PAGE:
An overview of the photoreactivity of pharmaceutical^ active compounds has been presented in Sec. 2. It is certainly desirable that the photoreactivity of every molecule used as a drug is investigated, in particular since this should alert about the possibility that the drug is phototoxic. However, this does not imply that every compound found to be reactive under some condition must be considered photolabile during normal storage or use conditions.

First of all, many drug substances do not significantly absorb ambient light (solar or artificial) and are sensitive only to irradiation at a shorter wavelength. In such a case it should at any rate be checked that no other component of the drug preparation, such as an associated drug or an eccipient, sensitises a reaction of an otherwise photostable substrate. As an example, an added ketone may abstract a hydrogen from such a substrate and initiate radicalic decomposition or another additive may sensitise oxygen and thus promote a photo-oxidation (many dyes are good oxygen sensitisers).283 On the other hand, an additive present in the formulation may also affect positively the photostability of the active principle (see Sec. 4).

Even when the drug is not transparent to ambient light, absorption (and consequently photoreaction) may not involve a significant fraction of the substrate. In a dilute solution, absorption takes place across the bulk of the solution, as it is apparent by inspection of Beer-Lambert's equation (see p. 82). This is, as it has been mentioned, the best condition for studying the photochemical reaction occurring. However, this does not apply to concentrated solutions, where absorption occurs only at the thin layer at the interface, for suspensions,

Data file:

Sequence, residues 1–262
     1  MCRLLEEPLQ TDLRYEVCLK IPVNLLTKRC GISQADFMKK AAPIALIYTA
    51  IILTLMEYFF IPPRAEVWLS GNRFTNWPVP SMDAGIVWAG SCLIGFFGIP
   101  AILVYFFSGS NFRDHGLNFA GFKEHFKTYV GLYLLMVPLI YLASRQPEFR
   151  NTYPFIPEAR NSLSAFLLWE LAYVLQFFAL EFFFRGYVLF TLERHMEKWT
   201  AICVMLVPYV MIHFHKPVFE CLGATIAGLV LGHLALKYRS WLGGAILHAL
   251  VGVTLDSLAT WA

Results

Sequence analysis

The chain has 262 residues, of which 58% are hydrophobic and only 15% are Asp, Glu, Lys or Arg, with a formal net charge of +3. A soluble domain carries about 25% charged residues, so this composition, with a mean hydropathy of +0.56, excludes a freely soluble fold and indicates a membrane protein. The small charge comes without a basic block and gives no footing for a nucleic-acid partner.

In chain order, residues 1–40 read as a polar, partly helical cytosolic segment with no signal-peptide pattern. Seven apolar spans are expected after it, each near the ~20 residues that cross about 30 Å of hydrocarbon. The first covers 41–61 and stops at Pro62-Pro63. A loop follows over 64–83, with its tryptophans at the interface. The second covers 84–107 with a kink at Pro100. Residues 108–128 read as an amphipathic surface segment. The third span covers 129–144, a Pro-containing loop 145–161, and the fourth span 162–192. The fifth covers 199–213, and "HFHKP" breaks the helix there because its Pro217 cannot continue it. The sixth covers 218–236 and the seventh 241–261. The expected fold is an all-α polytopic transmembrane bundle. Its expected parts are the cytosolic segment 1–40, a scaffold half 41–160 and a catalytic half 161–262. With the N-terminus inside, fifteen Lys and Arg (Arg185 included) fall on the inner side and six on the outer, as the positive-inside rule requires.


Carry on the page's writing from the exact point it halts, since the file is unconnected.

where part of the light is lost by reflection, or for solids, where again light is completely absorbed by the first thin layers of molecules.

Therefore, the photochemical study of a new drug should proceed along two lines. On one hand an investigation should be carried out under the best conditions for characterising the photochemical reactions, viz in dilute solutions (see e.g. the protocol proposed by Beijersbergen, p. 85) with the main aim of recognising the photoproducts and of evidencing a possible phototoxicity in an early stage of the development. On the other hand, in order to establish the stability of the dosage form the investigation must be extended to the actual pharmaceutical form and be carried out under conditions representative of those under which the drug is used and the illumination conditions to which it will be exposed. This demands that one takes care of photostability, as a part of stability studies in general, at the preformulation and formulation stage.284

In the present section two key points concerning the dependence of photochemical reaction on the conditions under which drugs are prepared or used are briefly addressed. These are solid state vs solution and anaerobic vs aerobic conditions.

3.1.1 Photoreactions in the Solid State. The different chemistry occurring by irradiating a drug in the solid state vs the solution for most drugs (and in general most molecules) has been often mentioned in Sec. 1 (see e.g. Schemes 13, 15, 28, 42). According to the different light penetration in the crystal, two different situations may arise.